Gard Club takes a look at what makes risk assessments less meaningful. As it says, rather than ensuring that crew members performing the job are fully informed and aware of the risks to their health, safety and welfare, we may concern ourselves more about other things such as completing the paper document properly.
The Gard P&I Club has issued a case study as part of its loss prevention initiatives to provide lessons learned for onboard safety meetings. This time, the case illustrates what went wrong during an incident that took place in the Suez Canal with the aim to raise the discussion and perform an onboard risk assessment of the incident and the factors which led to it, based on vessel’s procedures.
Gard warns about the dangers of walking up or down stairs at ships. As it says, seafarers should always apply the old adage of ‘one hand for yourself and one for the ship’ and keep one hand free to grasp the handrail.
The Gard P&I Club informed it has handled numerous cargo claims over the last years, where condensation was found to be the contributory cause of cargo damage. When dealing with such claims, the Club advises, the voyage records of the hold ventilations play a central role in mitigating the claim.
As Gard informs, in a significant number of collisions, the club has found that the majority of mariners do not reduce speed to avoid a collision. However, it notes that in case there is a potential for collision, reducing speed can have many benefits.
The Turkish Straits, consisting of the Istanbul and Çanakkale Straits and the Marmara Sea, linking the Black Sea to the Mediterranean Sea, are considered one of the most strategically significant waterways of the world. However, because of the busy traffic with a considerable number of tankers carrying dangerous cargo in the Turkish Straits there are always considerable concerns for the safety of the public and the environment.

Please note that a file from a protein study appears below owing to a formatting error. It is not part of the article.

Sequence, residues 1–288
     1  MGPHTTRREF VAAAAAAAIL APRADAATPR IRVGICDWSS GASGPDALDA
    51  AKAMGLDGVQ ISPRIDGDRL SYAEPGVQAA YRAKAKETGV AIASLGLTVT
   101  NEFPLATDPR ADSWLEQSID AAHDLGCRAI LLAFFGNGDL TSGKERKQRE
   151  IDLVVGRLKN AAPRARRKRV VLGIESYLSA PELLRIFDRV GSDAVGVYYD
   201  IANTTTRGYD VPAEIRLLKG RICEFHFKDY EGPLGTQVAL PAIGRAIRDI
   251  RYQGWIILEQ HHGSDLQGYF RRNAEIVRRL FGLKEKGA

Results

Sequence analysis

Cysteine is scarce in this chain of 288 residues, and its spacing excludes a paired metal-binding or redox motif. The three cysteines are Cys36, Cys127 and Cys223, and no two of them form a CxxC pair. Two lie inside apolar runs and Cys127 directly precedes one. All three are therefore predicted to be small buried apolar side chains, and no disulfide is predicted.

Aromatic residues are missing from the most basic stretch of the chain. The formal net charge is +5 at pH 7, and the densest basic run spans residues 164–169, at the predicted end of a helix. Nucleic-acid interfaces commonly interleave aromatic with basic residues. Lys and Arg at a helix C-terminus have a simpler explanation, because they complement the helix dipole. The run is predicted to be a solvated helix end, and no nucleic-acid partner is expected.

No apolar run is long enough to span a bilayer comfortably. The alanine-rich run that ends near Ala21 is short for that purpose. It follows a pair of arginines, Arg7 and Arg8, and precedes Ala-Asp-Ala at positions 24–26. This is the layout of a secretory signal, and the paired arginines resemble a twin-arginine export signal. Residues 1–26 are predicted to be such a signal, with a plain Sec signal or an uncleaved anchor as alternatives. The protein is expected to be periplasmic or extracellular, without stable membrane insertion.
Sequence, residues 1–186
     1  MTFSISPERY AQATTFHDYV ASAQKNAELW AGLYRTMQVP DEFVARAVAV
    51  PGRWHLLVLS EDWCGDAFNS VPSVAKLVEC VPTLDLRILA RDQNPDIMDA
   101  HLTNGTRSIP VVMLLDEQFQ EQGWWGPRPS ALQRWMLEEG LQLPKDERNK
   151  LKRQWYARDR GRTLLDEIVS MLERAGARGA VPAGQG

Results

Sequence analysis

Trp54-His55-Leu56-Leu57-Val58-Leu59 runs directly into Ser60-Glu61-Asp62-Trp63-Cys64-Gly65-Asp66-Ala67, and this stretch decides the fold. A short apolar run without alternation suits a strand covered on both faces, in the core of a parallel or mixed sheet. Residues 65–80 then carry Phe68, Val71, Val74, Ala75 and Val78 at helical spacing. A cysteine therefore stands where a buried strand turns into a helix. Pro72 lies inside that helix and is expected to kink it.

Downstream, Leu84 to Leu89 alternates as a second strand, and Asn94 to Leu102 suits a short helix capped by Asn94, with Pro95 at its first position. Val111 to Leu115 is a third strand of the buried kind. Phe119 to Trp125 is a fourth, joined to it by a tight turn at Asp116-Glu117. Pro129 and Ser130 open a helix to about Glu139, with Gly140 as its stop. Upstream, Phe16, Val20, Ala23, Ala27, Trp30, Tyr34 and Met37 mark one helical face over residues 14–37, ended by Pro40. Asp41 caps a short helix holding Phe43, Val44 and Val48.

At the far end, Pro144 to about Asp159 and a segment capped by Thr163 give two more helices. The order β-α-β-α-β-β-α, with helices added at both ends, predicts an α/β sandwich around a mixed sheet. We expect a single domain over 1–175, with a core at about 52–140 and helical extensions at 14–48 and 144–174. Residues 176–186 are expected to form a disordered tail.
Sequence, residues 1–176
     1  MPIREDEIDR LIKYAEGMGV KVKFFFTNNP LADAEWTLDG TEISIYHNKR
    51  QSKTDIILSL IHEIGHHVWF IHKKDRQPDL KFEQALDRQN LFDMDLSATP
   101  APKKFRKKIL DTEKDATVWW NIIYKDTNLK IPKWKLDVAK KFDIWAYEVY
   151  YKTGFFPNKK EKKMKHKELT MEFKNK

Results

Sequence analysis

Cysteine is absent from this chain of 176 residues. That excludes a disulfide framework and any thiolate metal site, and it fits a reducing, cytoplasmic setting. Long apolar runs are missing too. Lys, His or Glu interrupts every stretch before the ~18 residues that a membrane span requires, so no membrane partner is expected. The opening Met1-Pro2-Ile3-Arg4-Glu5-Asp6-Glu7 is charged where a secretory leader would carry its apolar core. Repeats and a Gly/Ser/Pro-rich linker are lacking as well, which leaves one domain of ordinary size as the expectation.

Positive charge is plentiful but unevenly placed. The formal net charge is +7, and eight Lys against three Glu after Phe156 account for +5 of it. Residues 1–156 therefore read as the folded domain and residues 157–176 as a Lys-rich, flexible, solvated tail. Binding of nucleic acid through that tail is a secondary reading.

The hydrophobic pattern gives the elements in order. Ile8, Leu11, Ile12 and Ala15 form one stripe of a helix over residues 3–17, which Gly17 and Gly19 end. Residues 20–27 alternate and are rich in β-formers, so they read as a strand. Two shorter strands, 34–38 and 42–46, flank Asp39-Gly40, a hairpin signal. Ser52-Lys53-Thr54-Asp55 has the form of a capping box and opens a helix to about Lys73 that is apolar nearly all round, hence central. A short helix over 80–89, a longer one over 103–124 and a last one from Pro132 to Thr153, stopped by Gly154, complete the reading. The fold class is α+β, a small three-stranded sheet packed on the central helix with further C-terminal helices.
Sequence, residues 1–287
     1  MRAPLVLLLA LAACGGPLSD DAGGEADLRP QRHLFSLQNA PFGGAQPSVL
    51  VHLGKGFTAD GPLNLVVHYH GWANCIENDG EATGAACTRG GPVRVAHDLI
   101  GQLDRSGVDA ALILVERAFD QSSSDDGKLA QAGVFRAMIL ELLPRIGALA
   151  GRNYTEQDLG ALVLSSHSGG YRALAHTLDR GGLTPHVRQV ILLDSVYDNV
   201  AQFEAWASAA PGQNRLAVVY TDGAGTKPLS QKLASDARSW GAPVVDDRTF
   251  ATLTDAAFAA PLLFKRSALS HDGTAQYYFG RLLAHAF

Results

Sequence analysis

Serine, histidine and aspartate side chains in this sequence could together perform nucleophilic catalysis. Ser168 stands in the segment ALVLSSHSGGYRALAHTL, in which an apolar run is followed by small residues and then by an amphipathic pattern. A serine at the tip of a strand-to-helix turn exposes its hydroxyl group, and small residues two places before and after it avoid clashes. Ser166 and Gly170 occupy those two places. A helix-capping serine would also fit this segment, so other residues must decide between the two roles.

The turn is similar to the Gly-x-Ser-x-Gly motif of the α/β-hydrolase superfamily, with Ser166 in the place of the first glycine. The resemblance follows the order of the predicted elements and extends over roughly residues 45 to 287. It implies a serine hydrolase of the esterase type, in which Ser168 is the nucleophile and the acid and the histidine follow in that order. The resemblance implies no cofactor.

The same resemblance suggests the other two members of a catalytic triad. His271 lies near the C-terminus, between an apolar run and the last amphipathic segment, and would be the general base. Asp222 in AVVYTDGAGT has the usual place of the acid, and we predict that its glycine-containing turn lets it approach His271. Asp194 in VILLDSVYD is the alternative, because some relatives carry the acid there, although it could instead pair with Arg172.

As Gard Club informs, open manholes and displaced gratings can lead to significant dangers to crewmembers on offshore installations, as two recent incidents showcase, reported by the US Bureau of Safety and Environmental Enforcement.
As Gard informs, the mandatory notification requirement for the carriage of nickel ore loaded in Philippines and Indonesia still applies. This loss prevention initiative was launched in 2012 and allows for early interaction with ship operators and an opportunity to reduce the risks arising by this cargo.
The Gard P&I Club issued a summary of available information from each of the countries known to regulate and inspect arriving vessels for Asian Gypsy Moth (AGS), highlighting each country’s definition of risk areas and specified risk periods, as well as their entry requirements and mandatory inspection periods.
Several marine incidents in China have been reported involving merchant vessels colliding with aquaculture farms, mostly off the coast of Lanshan and Rizhao areas where mussel and oyster cultivation form the bulk of aquaculture industry. Huatai Insurance Agency handled overall 71 fishery farm entry claims in China through 2017.
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